In my last two columns I have been discussing the RV water heater, and this week I will extend the appliance discussion to the furnace. Because they are so inherently reliable, RV appliances are often taken for granted until they fail. Furnaces are perhaps the strongest example of this, as they rarely fail, and even when they do, it may go unnoticed until the cold weather sets in. This can make for a long, cold day or night. There is not much to worry about in an RV furnace, but in this two-part article I will present the basic furnace theory of operation and some repair and maintenance issues. Note that this article will deal exclusively with direct spark ignition (DSI) ducted forced-air furnaces, as these are the most common models in most recreational vehicles.
RV furnaces work on the principle of heat transfer by blowing ambient air over a hot sealed combustion chamber, heating the RV. Heat from the combustion chamber is not blown directly into the RV because of the risk of carbon monoxide (CO) entering the coach. A limit switch is used to protect the furnace from overheating. The switch opens if the furnace housing gets too hot, cutting off the voltage to the burner. There is also a sail switch to ensure adequate airflow over the combustion chamber. The sail switch opens once there is a high enough flow of air from the blower. A time delay relay (TDR) or control circuit allows current to flow to the blower motor when the furnace is turned on, but delays current to the gas valve until the combustion chamber is clear of residual gasses. The TDR or timing circuit also allows the combustion chamber to cool down after the temperature set point is reached.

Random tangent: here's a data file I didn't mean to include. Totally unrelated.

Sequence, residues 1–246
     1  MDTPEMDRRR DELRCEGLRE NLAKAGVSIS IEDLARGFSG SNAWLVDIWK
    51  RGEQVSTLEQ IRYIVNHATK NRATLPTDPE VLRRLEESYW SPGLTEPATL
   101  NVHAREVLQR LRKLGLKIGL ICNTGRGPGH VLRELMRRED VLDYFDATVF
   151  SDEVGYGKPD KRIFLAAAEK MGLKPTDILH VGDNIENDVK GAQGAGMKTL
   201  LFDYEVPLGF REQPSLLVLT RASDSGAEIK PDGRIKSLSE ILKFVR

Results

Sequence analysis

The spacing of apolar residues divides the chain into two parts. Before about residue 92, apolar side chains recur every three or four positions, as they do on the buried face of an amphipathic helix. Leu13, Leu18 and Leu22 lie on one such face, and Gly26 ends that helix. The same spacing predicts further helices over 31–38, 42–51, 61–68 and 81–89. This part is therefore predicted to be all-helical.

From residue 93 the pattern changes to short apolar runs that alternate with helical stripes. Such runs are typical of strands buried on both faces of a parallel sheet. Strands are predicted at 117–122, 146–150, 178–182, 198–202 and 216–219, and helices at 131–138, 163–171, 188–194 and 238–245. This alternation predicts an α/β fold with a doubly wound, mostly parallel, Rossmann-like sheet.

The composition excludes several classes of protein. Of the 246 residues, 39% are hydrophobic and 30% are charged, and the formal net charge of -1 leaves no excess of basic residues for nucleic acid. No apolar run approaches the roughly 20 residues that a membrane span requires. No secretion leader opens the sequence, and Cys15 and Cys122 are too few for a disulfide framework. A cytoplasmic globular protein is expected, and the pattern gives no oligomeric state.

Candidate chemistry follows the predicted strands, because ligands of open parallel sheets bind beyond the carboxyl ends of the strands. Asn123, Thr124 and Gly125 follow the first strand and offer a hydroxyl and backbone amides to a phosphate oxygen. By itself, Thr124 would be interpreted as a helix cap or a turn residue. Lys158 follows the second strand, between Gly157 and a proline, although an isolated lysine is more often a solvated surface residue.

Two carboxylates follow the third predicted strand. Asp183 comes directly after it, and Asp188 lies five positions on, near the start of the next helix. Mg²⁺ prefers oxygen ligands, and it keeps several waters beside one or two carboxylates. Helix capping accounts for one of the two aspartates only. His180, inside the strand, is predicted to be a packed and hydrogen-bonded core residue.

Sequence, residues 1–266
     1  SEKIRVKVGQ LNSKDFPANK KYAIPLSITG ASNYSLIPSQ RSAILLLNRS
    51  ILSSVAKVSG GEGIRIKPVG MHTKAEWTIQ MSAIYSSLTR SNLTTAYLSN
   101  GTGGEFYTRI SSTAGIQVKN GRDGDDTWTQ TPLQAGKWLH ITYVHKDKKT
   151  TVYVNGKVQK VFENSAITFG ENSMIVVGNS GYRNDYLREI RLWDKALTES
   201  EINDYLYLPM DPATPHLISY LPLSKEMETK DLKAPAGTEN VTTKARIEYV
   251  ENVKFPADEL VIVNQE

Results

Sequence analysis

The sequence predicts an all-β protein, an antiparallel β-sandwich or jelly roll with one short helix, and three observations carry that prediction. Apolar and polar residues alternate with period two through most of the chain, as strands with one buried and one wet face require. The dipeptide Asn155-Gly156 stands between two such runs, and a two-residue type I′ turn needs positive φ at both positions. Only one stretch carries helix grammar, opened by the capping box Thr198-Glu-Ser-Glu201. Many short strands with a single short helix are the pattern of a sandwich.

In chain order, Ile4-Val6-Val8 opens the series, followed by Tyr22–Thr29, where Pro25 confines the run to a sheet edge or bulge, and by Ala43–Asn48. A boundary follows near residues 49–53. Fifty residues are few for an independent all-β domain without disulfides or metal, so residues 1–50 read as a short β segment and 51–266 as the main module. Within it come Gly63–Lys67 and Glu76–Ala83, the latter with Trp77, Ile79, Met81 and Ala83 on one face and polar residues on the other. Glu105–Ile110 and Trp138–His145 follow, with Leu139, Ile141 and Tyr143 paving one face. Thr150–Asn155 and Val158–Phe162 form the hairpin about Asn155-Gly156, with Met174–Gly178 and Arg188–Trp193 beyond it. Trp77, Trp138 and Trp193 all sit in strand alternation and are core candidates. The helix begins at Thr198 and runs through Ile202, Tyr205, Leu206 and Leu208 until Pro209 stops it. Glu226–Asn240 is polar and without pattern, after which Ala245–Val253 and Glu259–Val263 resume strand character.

The DSI furnace heating cycle is as follows:
- The TDR or timing circuit in the DSI board allows the blower to purge the chamber for 20 – 30 seconds.
- The DSI board supplies current to the gas valve and causes it to open.
- As the valve opens, a high-current spark is sent to the electrode at the burner. The board will lock-out the furnace after three ignition attempts if the flame sensor does not detect a flame within about 7 seconds. Some older furnaces only make a single attempt at ignition.
- If the furnace fails to ignite and the thermostat remains closed, the blower will remain on until the thermostat is manually reset.
When the temperature reaches the desired set point, the thermostat will open the contacts and power will be removed from the TDR or DSI board timing circuit. This will close the gas valve and the burner will go out. The TDR or timing circuit will keep the blower motor running until the combustion chamber cools.
Although the RV furnace may seem like a complex appliance, they are inherently reliable, as mentioned above. Although furnace failures are rare, they do happen. Next week I will present some possible failure modes and troubleshooting steps to help keep your RV warm and cozy.
About the Author:
Steve Froese, an avid RV owner, traveler, and Coach-Net member since 2013, is the principal of “A Word to the Wise Technical Communications”, a published RV author, certified RV technician, and licensed Professional Engineer. He frequently collaborates with the “RV Doctor”, Gary Bunzer, and has worked with the RVIA/RVDA as a technical and training writer and consultant. Professionally, he works as a quality engineer and musician. Watch for more of Steve’s work in upcoming Coach-Net publications.